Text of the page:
North Korea: Kim Jong-un 'suspends military action' against South

Kim Jong-un and South Korea's Moon Jae-in in better days
North Korea has suspended plans for "military action" against South Korea, according to state media.
There has been a growing rage of angry rhetoric from the north over the past few weeks about activists' plans to send leaflets with anti-North Korean messages across the border.
Last week the north blew up the joint liaison office and also threatened to send troops to the border area.
However, at a meeting chaired by Kim Jong-un, the state media said the decision was made to suspend the military action.
The Central Military Commission made its decision taking into account the so-called "prevailing situation".
The north also began to dismantle speakers it had set up just last week that were traditionally used to spread anti-South Korean messages across the border, Yonhap reported.
It is a remarkable de-escalation of rhetoric after Mr. Kim's sister, Kim Yo-jong, has ordered the army to "take decisive action". - Partly because Pyongyang said Seoul's failure to prevent activists from floating balloons with regime-dependent leaflets across the border.
Balloons and speakers increase tensions at the Korean border
Why did North Korea destroy the liaison office?
Kim Yo-jong: North Korea's legacy evident?
The meeting also discussed documents outlining measures to "further strengthen the country's war deterrence," the state news agency KCNA reported.
Good cop, bad cop
Analysis box by Laura Bicker, Seoul correspondent
It looked like the script was written. North Korea's brinkmanship policy was back.
The blowing up of the liaison office was only the first phase that Pyongyang informed us of. The North Korean leader's sister, Kim Yo-Jong, had instructed the army to work out a plan.
But for those who looked closely, there was always an out clause.
When the North Korean army announced its military plans, the statement mentioned that they had to be approved by the Central Military Commission.
In other words, Kim Jong-un has the final say.
Why did he choose to retire?
Some analysts have raised the possibility that Mr. Kim could pretend to be a good cop to his sister's bad cop before future talks. Remember that military action plans have been suspended and not canceled, so they are still possible.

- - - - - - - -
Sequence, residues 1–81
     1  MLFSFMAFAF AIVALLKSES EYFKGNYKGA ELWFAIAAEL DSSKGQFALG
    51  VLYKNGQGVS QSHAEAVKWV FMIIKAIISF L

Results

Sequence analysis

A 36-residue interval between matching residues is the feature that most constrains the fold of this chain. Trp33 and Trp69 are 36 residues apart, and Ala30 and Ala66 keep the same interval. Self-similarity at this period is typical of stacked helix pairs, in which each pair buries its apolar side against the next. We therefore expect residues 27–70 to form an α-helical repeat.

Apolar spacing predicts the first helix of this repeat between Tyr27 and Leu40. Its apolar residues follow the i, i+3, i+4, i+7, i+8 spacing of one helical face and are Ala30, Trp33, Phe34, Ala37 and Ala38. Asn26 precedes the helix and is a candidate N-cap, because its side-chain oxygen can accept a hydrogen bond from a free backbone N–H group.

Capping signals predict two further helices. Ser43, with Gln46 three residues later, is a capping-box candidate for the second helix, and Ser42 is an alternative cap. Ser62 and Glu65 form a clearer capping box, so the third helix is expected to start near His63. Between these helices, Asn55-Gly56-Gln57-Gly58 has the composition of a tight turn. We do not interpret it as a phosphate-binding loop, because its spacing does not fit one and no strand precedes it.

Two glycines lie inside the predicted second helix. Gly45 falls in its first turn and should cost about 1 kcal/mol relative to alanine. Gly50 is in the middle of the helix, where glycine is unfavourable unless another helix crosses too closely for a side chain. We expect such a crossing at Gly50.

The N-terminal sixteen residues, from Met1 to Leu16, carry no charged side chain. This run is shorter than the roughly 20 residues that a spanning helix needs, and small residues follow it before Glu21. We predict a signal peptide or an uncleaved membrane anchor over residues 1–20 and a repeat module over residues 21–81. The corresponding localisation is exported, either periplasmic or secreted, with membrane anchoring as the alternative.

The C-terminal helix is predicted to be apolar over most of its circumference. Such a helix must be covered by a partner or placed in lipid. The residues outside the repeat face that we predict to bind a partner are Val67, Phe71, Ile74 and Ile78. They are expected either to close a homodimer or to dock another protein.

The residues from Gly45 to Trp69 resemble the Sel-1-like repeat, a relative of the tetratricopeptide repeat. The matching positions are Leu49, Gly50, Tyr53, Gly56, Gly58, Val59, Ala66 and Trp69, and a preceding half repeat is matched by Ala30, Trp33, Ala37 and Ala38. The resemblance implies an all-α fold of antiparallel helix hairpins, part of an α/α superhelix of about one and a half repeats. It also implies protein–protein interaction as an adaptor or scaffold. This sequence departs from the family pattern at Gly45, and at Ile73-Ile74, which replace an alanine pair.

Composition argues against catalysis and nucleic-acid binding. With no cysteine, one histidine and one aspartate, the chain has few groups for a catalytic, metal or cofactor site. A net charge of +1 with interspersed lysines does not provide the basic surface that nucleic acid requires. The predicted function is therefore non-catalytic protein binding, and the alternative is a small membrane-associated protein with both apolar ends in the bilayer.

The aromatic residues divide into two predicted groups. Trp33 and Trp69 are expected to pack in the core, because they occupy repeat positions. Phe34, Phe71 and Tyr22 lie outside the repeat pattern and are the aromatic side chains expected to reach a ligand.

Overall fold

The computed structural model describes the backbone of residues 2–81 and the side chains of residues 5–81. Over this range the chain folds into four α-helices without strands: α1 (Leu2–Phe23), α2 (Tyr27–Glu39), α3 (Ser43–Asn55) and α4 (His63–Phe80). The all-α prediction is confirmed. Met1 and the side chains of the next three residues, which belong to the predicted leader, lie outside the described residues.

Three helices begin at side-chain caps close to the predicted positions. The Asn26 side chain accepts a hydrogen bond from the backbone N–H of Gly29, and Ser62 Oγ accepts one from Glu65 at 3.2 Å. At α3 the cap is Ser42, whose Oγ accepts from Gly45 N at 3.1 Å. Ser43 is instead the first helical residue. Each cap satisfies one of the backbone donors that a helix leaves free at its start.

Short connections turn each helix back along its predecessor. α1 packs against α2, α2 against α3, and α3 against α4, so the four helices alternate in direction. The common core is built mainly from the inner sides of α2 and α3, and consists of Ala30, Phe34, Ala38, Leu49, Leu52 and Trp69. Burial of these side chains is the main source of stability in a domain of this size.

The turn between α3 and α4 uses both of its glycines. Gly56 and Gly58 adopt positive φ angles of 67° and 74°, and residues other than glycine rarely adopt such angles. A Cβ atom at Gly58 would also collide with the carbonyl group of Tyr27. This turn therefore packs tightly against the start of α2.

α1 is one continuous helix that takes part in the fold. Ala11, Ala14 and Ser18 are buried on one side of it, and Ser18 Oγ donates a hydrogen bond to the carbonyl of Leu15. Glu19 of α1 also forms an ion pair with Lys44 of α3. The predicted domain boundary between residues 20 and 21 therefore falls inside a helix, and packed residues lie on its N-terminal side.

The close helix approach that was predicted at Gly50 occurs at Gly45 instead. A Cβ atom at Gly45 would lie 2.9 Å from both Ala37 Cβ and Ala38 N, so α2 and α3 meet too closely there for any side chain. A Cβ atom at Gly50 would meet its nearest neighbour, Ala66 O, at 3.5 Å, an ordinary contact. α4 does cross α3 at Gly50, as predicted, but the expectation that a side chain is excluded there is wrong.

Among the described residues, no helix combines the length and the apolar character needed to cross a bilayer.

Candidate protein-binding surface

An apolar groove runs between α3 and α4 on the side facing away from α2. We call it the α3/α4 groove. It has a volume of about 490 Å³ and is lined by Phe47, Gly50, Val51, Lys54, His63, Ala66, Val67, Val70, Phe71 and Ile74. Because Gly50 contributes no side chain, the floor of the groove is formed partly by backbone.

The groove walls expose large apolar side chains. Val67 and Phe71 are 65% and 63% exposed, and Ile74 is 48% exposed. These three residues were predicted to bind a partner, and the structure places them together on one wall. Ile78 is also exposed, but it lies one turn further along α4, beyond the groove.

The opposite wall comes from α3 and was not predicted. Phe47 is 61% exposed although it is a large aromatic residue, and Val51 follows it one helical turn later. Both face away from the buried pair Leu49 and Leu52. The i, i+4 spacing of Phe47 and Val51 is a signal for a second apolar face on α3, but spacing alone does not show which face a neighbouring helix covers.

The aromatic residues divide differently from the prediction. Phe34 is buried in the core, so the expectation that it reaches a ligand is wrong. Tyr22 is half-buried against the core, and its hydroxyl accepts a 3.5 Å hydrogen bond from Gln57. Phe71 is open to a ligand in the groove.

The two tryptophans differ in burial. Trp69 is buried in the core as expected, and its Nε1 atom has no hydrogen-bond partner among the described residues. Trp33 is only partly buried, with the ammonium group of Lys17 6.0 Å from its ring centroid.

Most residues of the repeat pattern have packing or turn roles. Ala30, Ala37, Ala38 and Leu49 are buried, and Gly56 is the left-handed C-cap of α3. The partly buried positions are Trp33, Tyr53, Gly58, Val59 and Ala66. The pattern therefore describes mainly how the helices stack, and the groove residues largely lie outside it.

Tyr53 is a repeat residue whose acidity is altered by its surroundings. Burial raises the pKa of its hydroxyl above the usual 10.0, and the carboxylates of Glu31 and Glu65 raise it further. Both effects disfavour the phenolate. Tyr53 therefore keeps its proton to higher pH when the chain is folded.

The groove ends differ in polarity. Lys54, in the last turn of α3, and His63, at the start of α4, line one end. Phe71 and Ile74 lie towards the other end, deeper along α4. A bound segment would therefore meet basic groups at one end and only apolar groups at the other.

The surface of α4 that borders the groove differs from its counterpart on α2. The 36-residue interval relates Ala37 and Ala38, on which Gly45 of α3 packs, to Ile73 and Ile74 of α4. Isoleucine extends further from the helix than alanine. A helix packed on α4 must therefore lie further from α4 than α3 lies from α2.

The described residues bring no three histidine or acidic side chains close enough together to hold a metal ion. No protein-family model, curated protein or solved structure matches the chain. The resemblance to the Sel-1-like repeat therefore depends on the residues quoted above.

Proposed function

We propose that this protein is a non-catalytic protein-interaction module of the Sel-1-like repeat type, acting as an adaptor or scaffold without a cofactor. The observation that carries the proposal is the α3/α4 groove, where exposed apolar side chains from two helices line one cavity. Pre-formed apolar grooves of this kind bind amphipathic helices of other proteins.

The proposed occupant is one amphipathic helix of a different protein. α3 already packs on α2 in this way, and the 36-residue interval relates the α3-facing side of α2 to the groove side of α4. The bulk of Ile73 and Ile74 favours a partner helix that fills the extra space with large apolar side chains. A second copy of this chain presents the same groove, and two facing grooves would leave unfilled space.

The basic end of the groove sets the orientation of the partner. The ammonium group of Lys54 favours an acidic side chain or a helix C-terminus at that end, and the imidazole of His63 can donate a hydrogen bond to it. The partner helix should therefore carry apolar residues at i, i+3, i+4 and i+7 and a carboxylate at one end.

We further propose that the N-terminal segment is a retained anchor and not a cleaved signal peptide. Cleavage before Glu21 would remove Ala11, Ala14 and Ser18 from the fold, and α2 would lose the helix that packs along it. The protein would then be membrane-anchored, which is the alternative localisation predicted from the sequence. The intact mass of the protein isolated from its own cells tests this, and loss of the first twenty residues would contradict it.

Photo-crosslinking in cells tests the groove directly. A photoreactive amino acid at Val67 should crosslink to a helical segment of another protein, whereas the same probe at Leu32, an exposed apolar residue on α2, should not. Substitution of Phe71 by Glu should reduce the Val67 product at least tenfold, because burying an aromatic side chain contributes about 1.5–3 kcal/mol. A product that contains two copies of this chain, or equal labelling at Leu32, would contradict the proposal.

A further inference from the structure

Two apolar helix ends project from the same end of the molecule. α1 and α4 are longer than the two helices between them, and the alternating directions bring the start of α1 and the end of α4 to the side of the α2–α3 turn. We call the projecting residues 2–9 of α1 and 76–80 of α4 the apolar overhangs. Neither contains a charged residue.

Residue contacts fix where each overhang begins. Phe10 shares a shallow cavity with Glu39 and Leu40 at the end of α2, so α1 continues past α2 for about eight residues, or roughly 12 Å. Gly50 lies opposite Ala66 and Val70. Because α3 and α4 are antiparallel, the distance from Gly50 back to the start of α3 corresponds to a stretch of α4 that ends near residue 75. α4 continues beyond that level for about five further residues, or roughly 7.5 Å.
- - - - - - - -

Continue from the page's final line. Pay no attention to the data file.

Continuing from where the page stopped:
The escalation of tensions has certainly given Kim Yo-jong a strong platform to demonstrate her leadership skills, but we still know who is ultimately responsible.
Kim Jong-un can now play the role of a magnanimous leader who is ready to defuse the situation. It can play well domestically.
All I can say at this point is that the Korean Peninsula will never get bored, and at least for the time being, President Moon's government will breathe a sigh of relief in Seoul.
Why have tensions escalated lately?
Tensions between North and South Korea seemed to improve when the heads of state and government of both countries met at the border for the first time in 2018.
At the historic summit, both sides committed to free the Korean peninsula from nuclear weapons - and efforts were made in the months that followed to improve relations and maintain dialogue.
Police rescue a balloon after it fell into a river on the South Korean side
After a failed summit between Kim and US President Donald Trump, the relationship was on a downward spiral.
Relations have deteriorated particularly rapidly in recent weeks - prompted by defector groups in the south who sent propaganda across the border.
South Korean activists usually send balloons with items such as leaflets, USB sticks or DVDs criticizing the Pyongyang regime, as well as South Korean news reports or even Korean dramas.
All of this aims to break the North's control over domestic information, in the hope that people may eventually overthrow the regime from within.
The South Korean government has already tried to prevent groups from sending leaflets across the border, arguing that their actions are endangering residents near the border.
The move prompted North Korea to threaten military measures again - and shortly afterwards it blew up a joint liaison office that it had established with the south in 2018.
However, it is unclear what exactly caused North Korea to escalate the situation.
"I very much doubt that it is the leaflets that actually motivated Pyongyang to do so," Fyodor Tertitskiy of the Kookmin University in Seoul told the BBC earlier.
"It is much more likely that they will only use this incident as an excuse to initiate an escalation. The real reason is that they believe that the south has not made any real concessions since the talks."
After North Korea started talks in 2018, Pyongyang had hoped the dialogue could lead to a noticeable easing of sanctions and increased economic cooperation with the South.
Pyongyang's expectation had been the start of some inter-Korean projects, such as enabling tourism in the Kumgang Mountains, an idea mentioned in a joint statement by both sides.
None of this has happened, mainly because Washington insisted that North Korea give up its nuclear weapons before sanctions can be discussed.
Earlier this year, Kim Jong-un said he was ending the suspension of the nuclear and long-range missile tests that were conducted during talks with the United States.

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